Now that the weather is warming up, I’m looking forward to seeing the blue herons who hang out in Duke Gardens. I’m assuming there are more than one of them although I’ve never seen a pair. They are fearless and let you get really close if you want to take a picture. Here’s one I snapped a couple of years ago in the Asiatic Arboretum at Duke Gardens.
These creatures have always fascinated me. A couple of years ago during one of our awful summer droughts, I saw one walking upright on its spindly legs through an almost-dry Ellerbe Creek. The heron reminded me of a dinosaur or a freaky creature from another planet.
I wanted to find out more about these birds, so I contacted my friend and ornithologist-extraordinaire Becky Browning. Becky was the bird collections manager at the NC Museum of Natural Sciences and is now living with her husband in Amsterdam. She works as a bird conservator at Naturalis Biodiversity Center there.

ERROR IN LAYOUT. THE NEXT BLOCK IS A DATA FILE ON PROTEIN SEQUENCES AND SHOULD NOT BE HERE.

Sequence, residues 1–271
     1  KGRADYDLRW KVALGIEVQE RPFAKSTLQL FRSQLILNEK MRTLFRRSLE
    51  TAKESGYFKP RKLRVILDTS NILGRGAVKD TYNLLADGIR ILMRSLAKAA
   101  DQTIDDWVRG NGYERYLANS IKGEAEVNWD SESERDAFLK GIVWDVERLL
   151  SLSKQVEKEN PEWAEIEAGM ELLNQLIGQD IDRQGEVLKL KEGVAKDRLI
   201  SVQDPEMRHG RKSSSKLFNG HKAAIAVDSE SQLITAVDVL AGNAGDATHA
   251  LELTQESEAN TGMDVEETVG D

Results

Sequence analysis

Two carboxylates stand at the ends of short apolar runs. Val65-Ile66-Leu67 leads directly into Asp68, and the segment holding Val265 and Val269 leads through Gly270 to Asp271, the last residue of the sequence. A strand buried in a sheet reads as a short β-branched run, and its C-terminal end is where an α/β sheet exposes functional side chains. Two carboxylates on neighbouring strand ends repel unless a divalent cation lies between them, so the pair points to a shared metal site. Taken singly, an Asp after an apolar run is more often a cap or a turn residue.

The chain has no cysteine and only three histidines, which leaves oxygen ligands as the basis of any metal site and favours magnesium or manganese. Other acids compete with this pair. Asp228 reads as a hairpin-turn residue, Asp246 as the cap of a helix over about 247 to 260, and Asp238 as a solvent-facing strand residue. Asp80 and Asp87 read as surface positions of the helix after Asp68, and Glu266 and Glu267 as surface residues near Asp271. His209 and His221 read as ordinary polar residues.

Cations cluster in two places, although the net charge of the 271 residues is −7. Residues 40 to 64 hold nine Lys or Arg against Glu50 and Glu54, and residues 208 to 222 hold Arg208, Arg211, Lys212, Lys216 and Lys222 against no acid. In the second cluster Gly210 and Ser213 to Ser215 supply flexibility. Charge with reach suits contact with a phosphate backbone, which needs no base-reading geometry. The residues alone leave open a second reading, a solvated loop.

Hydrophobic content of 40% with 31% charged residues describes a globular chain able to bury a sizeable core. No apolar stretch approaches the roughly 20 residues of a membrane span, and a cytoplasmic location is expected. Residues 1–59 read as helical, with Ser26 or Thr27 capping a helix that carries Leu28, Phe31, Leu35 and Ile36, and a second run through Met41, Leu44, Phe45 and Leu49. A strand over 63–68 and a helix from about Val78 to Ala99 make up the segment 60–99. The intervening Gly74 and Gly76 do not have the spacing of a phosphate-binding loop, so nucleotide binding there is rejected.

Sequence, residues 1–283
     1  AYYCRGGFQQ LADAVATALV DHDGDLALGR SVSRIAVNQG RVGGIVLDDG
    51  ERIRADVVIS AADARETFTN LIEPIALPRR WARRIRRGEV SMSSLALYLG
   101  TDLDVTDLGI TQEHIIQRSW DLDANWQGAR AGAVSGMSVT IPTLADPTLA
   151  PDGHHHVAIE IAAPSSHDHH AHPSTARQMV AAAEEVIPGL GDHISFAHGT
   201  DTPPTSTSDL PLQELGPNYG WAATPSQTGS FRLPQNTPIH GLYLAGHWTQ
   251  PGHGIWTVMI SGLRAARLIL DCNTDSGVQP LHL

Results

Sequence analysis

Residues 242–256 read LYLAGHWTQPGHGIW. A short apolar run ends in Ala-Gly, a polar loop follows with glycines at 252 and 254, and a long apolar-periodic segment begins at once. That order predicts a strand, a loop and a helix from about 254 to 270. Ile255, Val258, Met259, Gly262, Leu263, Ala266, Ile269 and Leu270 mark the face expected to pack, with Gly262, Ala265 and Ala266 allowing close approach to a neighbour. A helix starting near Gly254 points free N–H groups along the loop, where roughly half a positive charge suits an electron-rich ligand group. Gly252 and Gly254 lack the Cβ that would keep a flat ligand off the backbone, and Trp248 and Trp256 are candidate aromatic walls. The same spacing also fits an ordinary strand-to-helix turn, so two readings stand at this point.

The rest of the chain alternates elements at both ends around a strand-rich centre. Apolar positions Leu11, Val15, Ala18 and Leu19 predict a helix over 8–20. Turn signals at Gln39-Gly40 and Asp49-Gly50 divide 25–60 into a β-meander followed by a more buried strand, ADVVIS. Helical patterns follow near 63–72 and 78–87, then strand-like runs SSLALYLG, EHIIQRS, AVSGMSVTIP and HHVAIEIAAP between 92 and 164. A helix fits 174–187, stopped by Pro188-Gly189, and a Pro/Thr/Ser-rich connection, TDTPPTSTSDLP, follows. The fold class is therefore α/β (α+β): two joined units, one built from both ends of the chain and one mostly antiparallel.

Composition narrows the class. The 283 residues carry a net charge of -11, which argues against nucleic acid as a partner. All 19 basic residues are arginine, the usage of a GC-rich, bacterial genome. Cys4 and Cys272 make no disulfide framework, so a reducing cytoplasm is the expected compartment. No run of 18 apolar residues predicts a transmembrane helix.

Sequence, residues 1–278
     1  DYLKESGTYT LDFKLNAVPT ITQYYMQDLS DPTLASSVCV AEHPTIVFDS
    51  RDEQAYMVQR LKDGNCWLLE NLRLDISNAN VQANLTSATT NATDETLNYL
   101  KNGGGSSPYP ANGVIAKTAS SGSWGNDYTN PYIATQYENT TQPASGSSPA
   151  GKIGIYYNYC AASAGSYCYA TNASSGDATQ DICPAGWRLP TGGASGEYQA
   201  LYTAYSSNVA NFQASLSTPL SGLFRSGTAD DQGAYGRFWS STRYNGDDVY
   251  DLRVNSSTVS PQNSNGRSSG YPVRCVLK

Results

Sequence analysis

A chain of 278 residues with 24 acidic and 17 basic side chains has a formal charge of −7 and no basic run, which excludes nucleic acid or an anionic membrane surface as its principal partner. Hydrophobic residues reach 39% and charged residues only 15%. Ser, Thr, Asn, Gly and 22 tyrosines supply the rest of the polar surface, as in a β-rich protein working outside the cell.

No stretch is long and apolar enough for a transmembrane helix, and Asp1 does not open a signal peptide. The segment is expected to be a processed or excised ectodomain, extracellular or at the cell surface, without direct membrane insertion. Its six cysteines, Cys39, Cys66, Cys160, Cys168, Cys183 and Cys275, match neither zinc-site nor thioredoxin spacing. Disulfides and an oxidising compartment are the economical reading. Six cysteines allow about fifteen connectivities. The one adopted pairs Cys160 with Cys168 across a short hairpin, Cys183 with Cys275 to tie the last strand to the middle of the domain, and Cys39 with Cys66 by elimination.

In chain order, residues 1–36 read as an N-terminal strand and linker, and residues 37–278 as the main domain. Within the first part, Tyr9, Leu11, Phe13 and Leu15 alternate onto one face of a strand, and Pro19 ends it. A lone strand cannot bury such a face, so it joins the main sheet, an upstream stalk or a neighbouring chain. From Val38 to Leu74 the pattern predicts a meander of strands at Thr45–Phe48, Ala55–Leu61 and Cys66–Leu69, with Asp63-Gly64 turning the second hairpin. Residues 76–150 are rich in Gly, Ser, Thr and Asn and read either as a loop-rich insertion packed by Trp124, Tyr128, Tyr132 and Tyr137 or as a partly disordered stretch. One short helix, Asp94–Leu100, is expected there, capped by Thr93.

Becky told me that the herons nest colonially in trees, and are partially nocturnal. (No wonder I don’t see them eating the goldfish out of my pond, I thought.) Apparently they are increasing all across North Carolina, breeding in places they haven’t before, and moving to higher elevations in the Appalachians. In fact, they’ve been spotted in Watauga County at Bass Lake, over by the Cone Manor, one of our favorite places. They were one of those birds, like the osprey and the eagle, who suffered from DDT in the 60s and 70s but have since made a comeback.
They eat anything: mostly fish, of course, but also crawdads, large insects, frogs, small snakes, and if an unlucky mouse is nearby, mammals too. You hear folks with garden ponds complain about the herons who swoop in and eat their koi. That’s why I stock my pond with 10-cent goldfish!
I’m sure we’ll be seeing them again in Duke Gardens in the coming weeks. For more on herons, check out The Cornell Lab of Ornithology’s heron page.